One thing you can be sure of is everywhere we went, we were told it was ‘the center of biotech investment and facilities in the U.S. today.’
However, overall, there weren’t really enough available facilities on the market for them to live up to that.
In my personal opinion, because Massachusetts has an established clientele, and is developed already, they are not keen to look at or incentivize new or small biotechs like us. Also, there is an unhealthy competition for skilled workers due to the high density of biotechs in the area.
[Editor’s Note: Gadgil categorizes CDMOs and sponsors both as “biotechs,” an interesting idea I will revisit in subsequent editorials.]
Although there were some available facilities, the ones that popped up are expensive. For example, I think Massachusetts – Boston-Cambridge – is more expensive than New Jersey. And with less state support.
I'll come back to New Jersey. First, Maryland had good options for us to consider. Then we went to North Carolina. In terms of what the state of North Carolina has done regarding infrastructure, they have established a beautiful platform for biotech. I would definitely call them a biotech manufacturing hub.
All the resources and information you need to do a comprehensive site search in North Carolina is available online. You can easily go into business there, I feel.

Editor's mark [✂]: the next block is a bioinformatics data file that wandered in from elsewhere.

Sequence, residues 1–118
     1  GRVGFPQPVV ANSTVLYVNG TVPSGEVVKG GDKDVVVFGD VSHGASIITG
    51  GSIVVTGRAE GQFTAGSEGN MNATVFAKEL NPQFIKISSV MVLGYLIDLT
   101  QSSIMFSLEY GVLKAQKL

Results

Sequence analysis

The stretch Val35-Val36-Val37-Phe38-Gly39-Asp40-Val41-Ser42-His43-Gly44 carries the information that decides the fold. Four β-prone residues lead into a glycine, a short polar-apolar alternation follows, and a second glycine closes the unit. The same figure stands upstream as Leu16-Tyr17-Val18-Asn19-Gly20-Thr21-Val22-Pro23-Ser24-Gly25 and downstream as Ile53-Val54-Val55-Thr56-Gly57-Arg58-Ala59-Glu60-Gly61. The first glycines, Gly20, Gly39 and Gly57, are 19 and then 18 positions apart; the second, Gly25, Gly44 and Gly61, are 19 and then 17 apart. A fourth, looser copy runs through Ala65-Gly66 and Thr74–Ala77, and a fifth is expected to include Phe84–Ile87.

But at the point in time we were looking, they didn't have what we were looking for. All the facilities were either leased or not on the market. Anything that came on the market was getting absorbed quickly. Maybe the situation has changed, but that's what it was the past year or more.
Actually, you can say the same thing about San Francisco – the Bay Area. They already have well-established and growing companies. They don't need to attract more biotechs.
Staying in California, particularly interesting was Los Angeles. There definitely is a big drive to bring biotech to L.A., and they are serious in competing with San Francisco and San Diego.
The economic development and industry associations in L.A. do a fabulous job in terms of reaching out and promoting themselves.
[Editor’s Note: Gadgil singles out Dave Whelan, CEO of BioscienceLA as a prime example.]